Policy

'Little Miss Flint' Brings Obama To Michigan

No clean water, no money from Congress, but Flint residents will host the president

Vivian Simpson advertises the water distribution area at the St. Mark Baptist Church in Flint, Mich. (Photo By Tom Williams/CQ Roll Call)

The city may not have clean tap water or aid from Congress to fix corroded water pipes. But there's one thing Flint, Mich., has had in abundant supply in recent months: politicians.  

On Wednesday, President Obama said he would add his name to a long roster of elected officials making the trek from D.C. to visit the city, which has become a national symbol of crumbling infrastructure  and environmental crimes against minority communities since the discovery that tens of thousands of people drank lead-tainted tap water.  

[Related: Flint's Katrina Runs Deeper Than Corroded Pipes] Obama announced his May 4 visit in a letter  to an 8-year-old Flint resident that the administration published on the on-line platform Medium.  

"I want to make sure people like you and your family are receiving the help you need and deserve." Obama wrote. "Like you, I’ll use my voice to call for change and help lift up your community."  

Mari Copeny wrote to Obama in March as she was preparing to travel to the Capitol to watch Michigan Gov. Rick Snyder testify at a Congressional hearing .  

"I am one of the children that is affected by this water," she wrote. "And I’ve been doing my best to march in protest and to speak out for all the kids that live here in Flint."  

How Flint Became the New 9th Ward

Copeny said she had worked so hard to speak out for her community that her neighbors had started calling her, "Little Miss Flint." She asked Obama if he could meet with her group, which was among hundreds of Flint residents to attend the three House committee hearings on the water crisis.  

"My mom said chances are you will be too busy with more important things, but there is a lot of people coming on these buses and even just a meeting from you or your wife would really lift people’s spirits," she wrote.  

Mistakes by state and federal regulators when the city switched its water supplier in April of 2014 left residents exposed to undisclosed lead contamination in their drinking water for months.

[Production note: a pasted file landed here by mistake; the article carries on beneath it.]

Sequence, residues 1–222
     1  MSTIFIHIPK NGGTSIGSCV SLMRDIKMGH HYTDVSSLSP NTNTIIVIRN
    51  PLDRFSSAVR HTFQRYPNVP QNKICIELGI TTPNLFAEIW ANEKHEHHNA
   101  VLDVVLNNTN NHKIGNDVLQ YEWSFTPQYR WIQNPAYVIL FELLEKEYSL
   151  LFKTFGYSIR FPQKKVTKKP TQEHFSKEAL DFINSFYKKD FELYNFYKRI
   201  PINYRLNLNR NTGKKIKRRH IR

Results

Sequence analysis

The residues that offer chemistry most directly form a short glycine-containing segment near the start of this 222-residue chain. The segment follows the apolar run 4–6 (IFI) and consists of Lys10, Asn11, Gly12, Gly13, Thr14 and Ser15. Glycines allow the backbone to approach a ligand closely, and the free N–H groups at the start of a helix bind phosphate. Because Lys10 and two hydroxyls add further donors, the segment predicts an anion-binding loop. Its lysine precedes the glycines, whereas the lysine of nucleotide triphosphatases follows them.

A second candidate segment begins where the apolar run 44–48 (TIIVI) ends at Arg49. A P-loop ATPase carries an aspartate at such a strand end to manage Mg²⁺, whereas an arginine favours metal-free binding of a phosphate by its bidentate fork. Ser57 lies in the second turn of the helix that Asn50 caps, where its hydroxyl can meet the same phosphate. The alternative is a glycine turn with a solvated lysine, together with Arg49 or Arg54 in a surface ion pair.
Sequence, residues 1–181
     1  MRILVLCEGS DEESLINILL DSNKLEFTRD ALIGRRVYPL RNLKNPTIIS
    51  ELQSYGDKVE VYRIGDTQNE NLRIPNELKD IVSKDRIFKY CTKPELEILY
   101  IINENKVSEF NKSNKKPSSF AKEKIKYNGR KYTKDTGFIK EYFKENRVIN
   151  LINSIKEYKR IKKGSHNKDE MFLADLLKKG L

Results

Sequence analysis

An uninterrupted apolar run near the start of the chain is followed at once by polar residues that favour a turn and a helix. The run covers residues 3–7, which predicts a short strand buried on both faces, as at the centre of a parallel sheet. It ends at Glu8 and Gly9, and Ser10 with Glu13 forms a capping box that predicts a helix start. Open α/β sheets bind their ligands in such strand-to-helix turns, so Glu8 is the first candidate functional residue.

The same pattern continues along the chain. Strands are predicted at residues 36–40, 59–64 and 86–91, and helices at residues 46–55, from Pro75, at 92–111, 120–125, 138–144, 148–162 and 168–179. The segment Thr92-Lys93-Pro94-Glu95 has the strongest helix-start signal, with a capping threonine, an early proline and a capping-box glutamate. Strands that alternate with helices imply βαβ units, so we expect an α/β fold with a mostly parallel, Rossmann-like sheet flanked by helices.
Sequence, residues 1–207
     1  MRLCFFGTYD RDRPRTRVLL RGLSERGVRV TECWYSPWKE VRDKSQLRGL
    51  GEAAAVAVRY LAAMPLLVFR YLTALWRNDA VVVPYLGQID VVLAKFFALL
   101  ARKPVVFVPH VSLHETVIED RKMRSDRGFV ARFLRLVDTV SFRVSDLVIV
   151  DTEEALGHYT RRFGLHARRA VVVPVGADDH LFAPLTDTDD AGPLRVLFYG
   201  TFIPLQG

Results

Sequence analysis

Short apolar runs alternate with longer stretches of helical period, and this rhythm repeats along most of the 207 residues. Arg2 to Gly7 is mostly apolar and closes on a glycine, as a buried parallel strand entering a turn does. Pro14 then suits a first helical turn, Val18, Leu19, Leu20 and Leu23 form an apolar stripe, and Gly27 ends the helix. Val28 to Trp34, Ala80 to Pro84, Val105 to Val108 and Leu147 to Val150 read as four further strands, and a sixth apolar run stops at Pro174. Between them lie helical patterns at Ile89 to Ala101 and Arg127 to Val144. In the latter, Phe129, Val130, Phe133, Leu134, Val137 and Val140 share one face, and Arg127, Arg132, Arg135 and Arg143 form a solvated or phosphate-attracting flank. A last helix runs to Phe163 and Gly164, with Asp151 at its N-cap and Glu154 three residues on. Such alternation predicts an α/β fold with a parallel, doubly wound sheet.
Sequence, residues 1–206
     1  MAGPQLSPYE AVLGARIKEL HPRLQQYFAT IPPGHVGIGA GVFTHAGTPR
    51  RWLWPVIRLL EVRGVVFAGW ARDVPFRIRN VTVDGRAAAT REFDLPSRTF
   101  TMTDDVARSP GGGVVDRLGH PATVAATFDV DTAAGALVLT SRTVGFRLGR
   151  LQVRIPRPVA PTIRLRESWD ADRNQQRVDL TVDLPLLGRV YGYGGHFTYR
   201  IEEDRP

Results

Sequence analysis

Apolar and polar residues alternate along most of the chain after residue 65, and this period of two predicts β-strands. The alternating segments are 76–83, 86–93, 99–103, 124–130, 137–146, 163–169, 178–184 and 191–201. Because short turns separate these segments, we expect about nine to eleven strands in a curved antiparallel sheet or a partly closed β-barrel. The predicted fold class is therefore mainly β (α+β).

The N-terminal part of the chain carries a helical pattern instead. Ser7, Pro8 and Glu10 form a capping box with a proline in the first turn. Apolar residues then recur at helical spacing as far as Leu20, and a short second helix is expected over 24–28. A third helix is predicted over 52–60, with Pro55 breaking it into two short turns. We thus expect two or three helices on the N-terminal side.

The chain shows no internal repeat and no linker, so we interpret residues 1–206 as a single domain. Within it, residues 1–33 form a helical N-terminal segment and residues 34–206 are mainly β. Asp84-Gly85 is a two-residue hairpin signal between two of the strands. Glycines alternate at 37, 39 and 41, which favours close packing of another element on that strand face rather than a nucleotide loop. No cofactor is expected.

Separate proposals to send hundreds of millions of dollars in federal aid have been stalled for months in both the House and Senate, limiting congressional action to a series of fact-finding hearings and official visits. Flint residents, meanwhile, were told this month by a research team from Virginia Tech that their tap water is still not safe for drinking or cooking. Scientists and students from the university have been conducting tests of the city's water since the first reports that it was making people sick. [Related: Visiting Flint, House Members Vow to Help] President Obama will highlight the administration's commitment to responding to the water crisis during his visit, Press Secretary Josh Earnest said. The president also will discuss the administration's desire to prevent a similar situation from occurring elsewhere. Obama's message in Flint will be one directly to citizens there: "We haven't forgotten you," Earnest said. He described Obama and other officials as "beside themselves" that children have been drinking toxic water "for months if not years." "There is a role for the federal government to play in a situation like this," Earnest said. Obama will tell Flint residents that "we will continue to follow through on those commitments." Federal assistance has included a $15 million Department of Labor grant to Michigan “to assist with humanitarian and recovery efforts” by providing temporary work and career and training services, as well as an expansion of Medicaid coverage and Head Start programs for children and families exposed to lead. Earnest also jabbed Republican lawmakers, criticizing them for what he described as blocking additional federal aid to the beleaguered Michigan city.
Michigan House and Senate members who have been pressing for Congressional aid for Flint praised the president's attention to the issue.
"He's been extremely engaged and the administration's been engaged," said Sen. Gary Peters, D-Mich. "He's had folks at all levels of the federal government engaged." “All Americans should be focused on the ongoing public health emergency," Rep. Dan Kildee, D-Mich., said in a statement. "A city of 100,000 people continues to not have safe drinking water and has been exposed to high levels of lead. As a nation, and as Americans, we must come together to help Flint families recover from this terrible tragedy.” Other politicians who visited Flint include House minority leader Nancy Pelosi, D-California, and House Committee on Oversight and Government Reform Chairman Jason Chaffetz, R-Utah. Flint also hosted a Democratic presidential debate between Vermont Sen. Bernard Sanders and former Secretary of State Hillary Clinton in March. John Bennett and Bridget Bowman contributed. Contact Akin at stephanieakin@cqrollcall.com and follow her on Twitter at @stephanieakin.